Academic journal article The Professional Counselor

Exploring Social Sexual Scripts Related to Oral Sex: A Profile of College Student Perceptions

Academic journal article The Professional Counselor

Exploring Social Sexual Scripts Related to Oral Sex: A Profile of College Student Perceptions

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This article presents a profile of college students' degree of agreeing that oral sex is not sex. Over half (62.1%) of a sample of college students (N = 781) at a large southeastern university agreed and response rates across demographic groups are presented. Sexual script theory serves as the theoretical framework. Implications and limitations are explored.

Television talk show hosts, The Washington Post (Stepp, 2005) and Science Daily (University of California, San Francisco, 2005) have all had recent headlines related to oral sex in the older teen and college-aged populations. Because of these and other popular media sources, sex educators, parents and others have become more aware of oral sex engagement among college students and more concerned about the impacts of this engagement. Although society members are becoming concerned about this topic, limited information regarding college students' perceptions and process of meaning-making related to the act of oral sex is available in the literature. To develop sexuality education curriculum and resources targeted at young people engaging in oral sex, professionals must first identify those most likely to engage in oral sex, their process of meaning-making around this engagement and risks young people are exposed to as a function of their engagement in oral sex.

In an effort to provide insight into this population's process of meaning-making related to engagement in oral sex and initial information about characteristics of college students likely to engage in oral sex, this article presents the findings of a survey conducted at a large southeastern university. An initial profile of undergraduates who agreed with the statement, "Oral Sex is Not Sex," is offered and findings are analyzed through the lens of social sexual script theory to explore the process of meaning-making related to the perceptions of participants regarding oral sex. We hope this information will assist sex educators, counselors, health professionals and parents in efforts to target individuals likely to engage in oral sex to minimize risks related to oral sex in the college student population. Thus, the purpose of this study was to provide a profile of undergraduates who agreed with the assertion that oral sex is not sex and to explore the links between participant responses and sexual scripts to illuminate fully how these participants perceived oral sex engagement. This profile is important because recent research suggests that young people perceive oral sex as safe, with few potential health risks (Halpern-Felsher, Cornell, Kropp, & Tschann, 2005). However, engaging in oral sex may expose individuals to the risk of viral and bacterial infections, including chlamydia, gonorrhea and herpes (Edwards & Carne, 1998a, 1998b). Consequently, it is critical that counselors fully understand the context and perceptions of college students in order to provide information to assist with healthy decision-making in developmentally-appropriate ways for these clients.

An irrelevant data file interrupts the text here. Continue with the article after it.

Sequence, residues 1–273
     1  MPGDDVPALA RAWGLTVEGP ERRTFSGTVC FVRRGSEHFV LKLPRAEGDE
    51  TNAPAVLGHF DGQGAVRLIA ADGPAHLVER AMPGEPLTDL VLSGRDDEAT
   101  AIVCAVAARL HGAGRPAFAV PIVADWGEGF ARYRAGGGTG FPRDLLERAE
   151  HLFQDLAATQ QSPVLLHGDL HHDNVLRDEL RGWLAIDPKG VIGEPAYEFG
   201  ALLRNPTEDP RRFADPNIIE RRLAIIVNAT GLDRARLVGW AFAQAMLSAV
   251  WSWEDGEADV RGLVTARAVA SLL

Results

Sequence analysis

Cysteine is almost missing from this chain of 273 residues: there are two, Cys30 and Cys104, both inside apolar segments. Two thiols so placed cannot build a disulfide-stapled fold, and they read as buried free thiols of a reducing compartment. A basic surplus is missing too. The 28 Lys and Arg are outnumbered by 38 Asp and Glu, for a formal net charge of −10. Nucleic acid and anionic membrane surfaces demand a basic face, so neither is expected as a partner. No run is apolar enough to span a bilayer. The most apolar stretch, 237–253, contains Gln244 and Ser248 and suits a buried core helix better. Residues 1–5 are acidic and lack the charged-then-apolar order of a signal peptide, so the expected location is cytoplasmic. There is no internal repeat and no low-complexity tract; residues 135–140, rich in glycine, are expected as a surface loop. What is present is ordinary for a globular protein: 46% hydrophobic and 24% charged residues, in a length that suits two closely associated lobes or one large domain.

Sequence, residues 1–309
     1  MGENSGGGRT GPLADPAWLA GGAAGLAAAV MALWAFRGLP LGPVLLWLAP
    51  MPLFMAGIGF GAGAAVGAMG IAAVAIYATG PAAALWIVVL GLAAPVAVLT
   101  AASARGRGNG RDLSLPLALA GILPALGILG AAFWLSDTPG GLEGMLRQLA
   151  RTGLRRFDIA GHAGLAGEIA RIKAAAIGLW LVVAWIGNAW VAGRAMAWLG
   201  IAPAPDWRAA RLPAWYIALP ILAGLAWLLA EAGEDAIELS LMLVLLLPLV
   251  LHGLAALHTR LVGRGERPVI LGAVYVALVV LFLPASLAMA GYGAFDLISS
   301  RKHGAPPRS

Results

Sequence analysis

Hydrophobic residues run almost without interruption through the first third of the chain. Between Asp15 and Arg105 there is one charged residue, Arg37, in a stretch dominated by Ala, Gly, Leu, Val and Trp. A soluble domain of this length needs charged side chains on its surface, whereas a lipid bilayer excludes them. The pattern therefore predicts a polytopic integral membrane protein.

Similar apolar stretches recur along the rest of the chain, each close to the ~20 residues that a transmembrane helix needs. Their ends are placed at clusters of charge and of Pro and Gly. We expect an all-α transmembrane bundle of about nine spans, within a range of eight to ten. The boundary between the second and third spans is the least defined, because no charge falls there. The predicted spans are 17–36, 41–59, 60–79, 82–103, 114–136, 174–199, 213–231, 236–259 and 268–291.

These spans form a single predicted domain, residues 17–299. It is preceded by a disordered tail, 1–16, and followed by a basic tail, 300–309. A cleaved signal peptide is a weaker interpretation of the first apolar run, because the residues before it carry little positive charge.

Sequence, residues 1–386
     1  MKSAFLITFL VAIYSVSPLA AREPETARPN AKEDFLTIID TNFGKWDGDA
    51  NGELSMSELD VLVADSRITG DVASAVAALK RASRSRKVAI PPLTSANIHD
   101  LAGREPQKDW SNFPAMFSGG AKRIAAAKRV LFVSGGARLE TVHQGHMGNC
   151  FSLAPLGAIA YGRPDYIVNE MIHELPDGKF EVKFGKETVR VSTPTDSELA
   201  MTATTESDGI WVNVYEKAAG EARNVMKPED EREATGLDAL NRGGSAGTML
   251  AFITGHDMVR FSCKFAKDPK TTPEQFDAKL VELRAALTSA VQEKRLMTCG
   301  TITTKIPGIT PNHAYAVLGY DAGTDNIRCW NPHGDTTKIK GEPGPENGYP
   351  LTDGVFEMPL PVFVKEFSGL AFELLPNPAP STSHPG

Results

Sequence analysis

Theoretical Foundation

Sexual script theory situates perceptions of sexual interactions within the social context to explain how sexual identity and sexuality are shaped by social cultural messages (Frith & Kitzinger, 2001). Consequently, what is perceived to be "real" sex is defined by the society within which one exists, individual identity and socio-cultural normative sexual scripts. Sexual scripts vary across individuals, but often common elements exist within sexual scripts associated with particular cultural groups (Wiederman, 2005). As a social constructionist approach to exploring the development of sexuality, sexual script theory has been primarily used as a qualitative method of research (Simon & Gagnon, 2003). However, recent research has applied sexual script theory in quantitative research exploring the impact of exposure to sexually explicit material on young people (Stulhofer, Busko, & Landripet, 2010). …

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